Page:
© Guardian photo by Heather Taweel
John Yeo, past president of the Charlottetown Legion, says if the federal government goes ahead with plans to shut the Veterans Affairs Canada district office in Charlottetown, veterans will be forced to travel off Island for face-to-face service that they're used to having.
Canadians are being urged to lobby the federal government to overturn its decision to close Veterans Affairs Canada district offices, including the one in Charlottetown.
“They fought for us and now it is our turn to fight for them,’’ a passionate Jeannie Baldwin of the Public Service Alliance of Canada declared during a town hall meeting held Friday in the capital city.
Baldwin’s rallying cry comes one week after Canadian veterans were in Ottawa to launch a national campaign to protest the anticipated shutting of nine VAC offices.
The campaign, a three-and-a-half minute YouTube video, features a number of Canadian veterans and front-line support workers. They say they are all disappointed by the federal government’s decision to close the district offices and that Ottawa is betraying Canada’s veterans.
The video was played Friday at the Charlottetown Legion to a small gathering that including politicians from all three levels of government.
Baldwin called the video a powerful tool to drive home the need to keep the district offices open. District offices are places where veterans can meet face-to-face with case workers.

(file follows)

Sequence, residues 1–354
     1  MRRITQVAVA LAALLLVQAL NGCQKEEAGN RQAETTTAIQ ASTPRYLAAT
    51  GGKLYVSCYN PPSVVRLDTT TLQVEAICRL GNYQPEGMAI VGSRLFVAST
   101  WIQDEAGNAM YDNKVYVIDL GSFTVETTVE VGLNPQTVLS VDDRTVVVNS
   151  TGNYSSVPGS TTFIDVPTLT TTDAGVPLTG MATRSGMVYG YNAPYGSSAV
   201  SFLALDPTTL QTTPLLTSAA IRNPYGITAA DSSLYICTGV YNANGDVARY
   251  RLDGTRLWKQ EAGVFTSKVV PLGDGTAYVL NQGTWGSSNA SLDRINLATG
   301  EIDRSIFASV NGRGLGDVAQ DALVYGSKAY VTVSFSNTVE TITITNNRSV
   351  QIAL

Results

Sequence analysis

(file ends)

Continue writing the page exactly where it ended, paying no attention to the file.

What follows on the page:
Veterans Affairs Canada has said the district office in Charlottetown, where the department’s head office is located, will close and be replaced with what it is calling an access centre.
John Yeo, who served with the Royal Canadian Army Medical Corps and is past president of the Charlottetown Legion, considers the proposed move a disgrace.
He says any closure of district offices would represent government going back on a promise to care for veterans.
Closing the district office in Charlottetown, argues Yeo, would force veterans to make costly and time-consuming trips off-Island in order to have the face-to-face service they have long become accustomed to.
Jody Lapierre, local president with the Union of Veterans Affairs employees, says veterans are being taken for granted by Harper’s government.
“They are spending billions of dollars on planes and everything else, but (they’re) not looking after the veterans when they return home,’’ he says.
Veterans Affairs Canada, in a statement to The Guardian, calls the access centre to be located at the VAC headquarters in Charlottetown a viable alternative to the district office.
“This is designed to make the best use of the over 1,000 employees working on the Island, as well as the location of the head office in Charlottetown and is a logical move to better serve veterans on the Island,’’ says Veterans Affairs Canada.
“Our government is dedicated to ensuring veterans and their families have the support they need, when they need it. To accomplish this, we are adjusting the footprint of the department to keep up with the changing demographics of veterans across Canada.’’
VAC adds that none of its district offices will close before the end of 2013.